Piedmont considers expansion of license-plate reading cameras

This city’s 39 automatic license plate reading cameras (ALPRs), covering 15 local intersections, have recorded the plates of every passing vehicle since their 2013 activation. According to Piedmont police these cameras have played a part in the arrest of 118 suspects, the recovery of 183 stolen or otherwise sought vehicles, and provided leads in more than 100 other cases.

Eyes in the sky: police say license-plate reading cameras are a major crime-fighting asset

Now city officials are working on a plan to expand the number and locations of ALPRs in Piedmont. Police Chief Jeremy Bowers said he expects to present a plan to the City Council in April or May to equip three additional intersections with cameras. “I see it as a tightening up of the network,” he said this week. “The original network in 2013 was pretty robust.”

City Councilwoman Jen Cavanaugh, the council’s liaison to the city’s Public Safety Commission said the council has been supportive of the ALPRs program  within realistic boundaries — cost foremost among them.  

“Expanded use of technology has budget implications for implementation, operation, replacement and maintenance, so the full council will review a comprehensive recommendation when it comes before us”, Cavanaugh said.

During a Feb. 4 City Council meeting, Bowers and council members praised ALPRs and their role in helping solve Piedmont crimes, including two recent home-invasion robberies. On Jan. 24, 2018 three armed men ransacked a house on Lorita Avenue; Piedmont’s license plate-reading cameras provided evidence that led to positive identification of the suspects’ car.

On Jan. 12 of this year, three men rang the doorbell of a house on Scenic Avenue, pushed to the ground a young boy who opened the door, and then robbed the house. Bowers and council members said the city’s ALPRs have helped police detectives identify potential suspects in that crime.

Piedmont police Capt. Chris Monahan said new cameras may be placed in the Upper Trestle Glen area, where there has also been several recent incidents.

But there are sometimes complicating factors in deciding where ALPRs can be practically installed. Intersections are generally covered with multiple cameras, requiring multiple places to mount them, and there isn’t always electricity onsite, requiring attendant electrical work. Other physical factors sometimes arise, Monahan said, creating major cost increases from one installation to another.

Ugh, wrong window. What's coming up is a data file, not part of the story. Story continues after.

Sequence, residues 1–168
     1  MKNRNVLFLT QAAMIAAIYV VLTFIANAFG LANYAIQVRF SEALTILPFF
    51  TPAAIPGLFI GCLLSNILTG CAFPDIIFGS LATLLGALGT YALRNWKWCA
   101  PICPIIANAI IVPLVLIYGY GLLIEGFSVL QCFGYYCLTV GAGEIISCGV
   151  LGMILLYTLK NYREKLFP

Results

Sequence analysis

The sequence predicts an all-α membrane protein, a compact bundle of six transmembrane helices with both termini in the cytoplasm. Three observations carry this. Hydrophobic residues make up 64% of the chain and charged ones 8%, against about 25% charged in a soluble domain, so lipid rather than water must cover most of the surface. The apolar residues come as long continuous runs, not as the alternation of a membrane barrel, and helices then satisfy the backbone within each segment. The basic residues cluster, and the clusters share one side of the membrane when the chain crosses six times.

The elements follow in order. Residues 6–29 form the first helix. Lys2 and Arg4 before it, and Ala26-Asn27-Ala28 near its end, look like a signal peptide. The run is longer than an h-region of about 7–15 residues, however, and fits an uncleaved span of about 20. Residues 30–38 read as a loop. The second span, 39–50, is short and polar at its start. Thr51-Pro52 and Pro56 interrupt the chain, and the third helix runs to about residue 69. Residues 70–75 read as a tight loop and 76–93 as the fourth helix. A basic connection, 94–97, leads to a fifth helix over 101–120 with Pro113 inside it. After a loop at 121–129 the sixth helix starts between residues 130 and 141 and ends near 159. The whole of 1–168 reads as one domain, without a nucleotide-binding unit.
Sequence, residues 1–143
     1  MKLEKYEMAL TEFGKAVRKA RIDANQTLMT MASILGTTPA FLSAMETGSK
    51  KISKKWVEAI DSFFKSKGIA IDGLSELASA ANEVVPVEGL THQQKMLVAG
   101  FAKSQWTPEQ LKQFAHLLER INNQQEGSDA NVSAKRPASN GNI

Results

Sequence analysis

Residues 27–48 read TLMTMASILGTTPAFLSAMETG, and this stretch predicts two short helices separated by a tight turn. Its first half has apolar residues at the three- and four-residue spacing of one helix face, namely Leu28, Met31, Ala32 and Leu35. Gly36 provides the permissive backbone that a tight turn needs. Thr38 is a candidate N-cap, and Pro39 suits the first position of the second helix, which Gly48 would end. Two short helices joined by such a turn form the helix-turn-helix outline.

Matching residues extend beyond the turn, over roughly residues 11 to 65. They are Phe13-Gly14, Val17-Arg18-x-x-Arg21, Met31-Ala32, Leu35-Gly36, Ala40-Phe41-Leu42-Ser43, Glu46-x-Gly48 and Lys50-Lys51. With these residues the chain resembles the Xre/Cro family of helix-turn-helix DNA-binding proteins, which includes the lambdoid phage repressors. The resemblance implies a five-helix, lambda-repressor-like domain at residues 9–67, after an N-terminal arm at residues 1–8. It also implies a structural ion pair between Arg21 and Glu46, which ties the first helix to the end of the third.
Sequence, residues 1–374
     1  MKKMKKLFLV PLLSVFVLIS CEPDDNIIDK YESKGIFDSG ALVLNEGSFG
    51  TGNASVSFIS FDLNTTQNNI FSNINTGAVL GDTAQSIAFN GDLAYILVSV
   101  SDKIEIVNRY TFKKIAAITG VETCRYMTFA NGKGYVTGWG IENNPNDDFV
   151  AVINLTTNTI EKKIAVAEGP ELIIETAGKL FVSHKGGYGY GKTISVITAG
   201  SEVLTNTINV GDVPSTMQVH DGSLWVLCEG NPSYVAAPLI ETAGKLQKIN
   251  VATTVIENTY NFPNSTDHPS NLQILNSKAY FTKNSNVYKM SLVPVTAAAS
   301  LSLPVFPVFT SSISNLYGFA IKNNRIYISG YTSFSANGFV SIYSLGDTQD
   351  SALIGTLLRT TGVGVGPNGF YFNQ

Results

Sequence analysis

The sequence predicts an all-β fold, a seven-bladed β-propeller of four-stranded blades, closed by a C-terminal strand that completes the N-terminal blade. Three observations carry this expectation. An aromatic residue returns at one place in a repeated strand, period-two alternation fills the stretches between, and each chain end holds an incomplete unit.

Another issue is the “Big Brother” factor, the suspicion or fear among some residents that they’re being unduly surveilled, or that their information is being shared without permission or used for undisclosed purposes. Monahan acknowledged that sentiment, but also said, “But when something big happens, everyone wants to see the video.”

Concerns on both sides of this issue may also surface in a community discussion to be held March 5 at the Veterans Memorial Building. That discussion will focus on expanding a separate network of cameras known as “public safety cameras” that will monitor public spaces, not vehicles.

Public safety cameras have a different function than ALPRs. License plate readers see and transmit “hits” on reported plate numbers to multiple law enforcement agencies. Public safety cameras monitor larger swaths of ground for whatever may happen within their view. Their images stay local, sometimes being transmitted to monitors within police stations or dispatch centers.

The city currently has only one such working public safety camera, at Grand and Oakland Avenues, as a pilot project.

Expansions of either camera network will get scrutiny not only from the City Council, but from the city’s Public Safety Committee. Amal Smith, a committee member (and president of the Piedmont Unified School District board), said she’s trying to keep an open mind about ALPRs.

“My inclination is to be very, very careful with this kind of technology, due for the most part to privacy concerns and data security,” said Smith, who balances such concerns with the reality that law enforcement is expected to continue solving crimes despite eroding budgets and dwindling manpower.

At the Feb. 4 City Council meeting, no fears of loss of privacy or “big brother” surveillance were expressed, but there is an ongoing debate among privacy experts about clarifying policies in areas where advancing technology can pit security and privacy concerns against one another.

A few speakers at the February City Council meeting did ask for more ALPRs. “Thirty-five of our people have signed a petition to get cameras after an armed robbery in the neighborhood,” said Piedmont resident Bob Kunselman. “It’s been an ongoing concern.”

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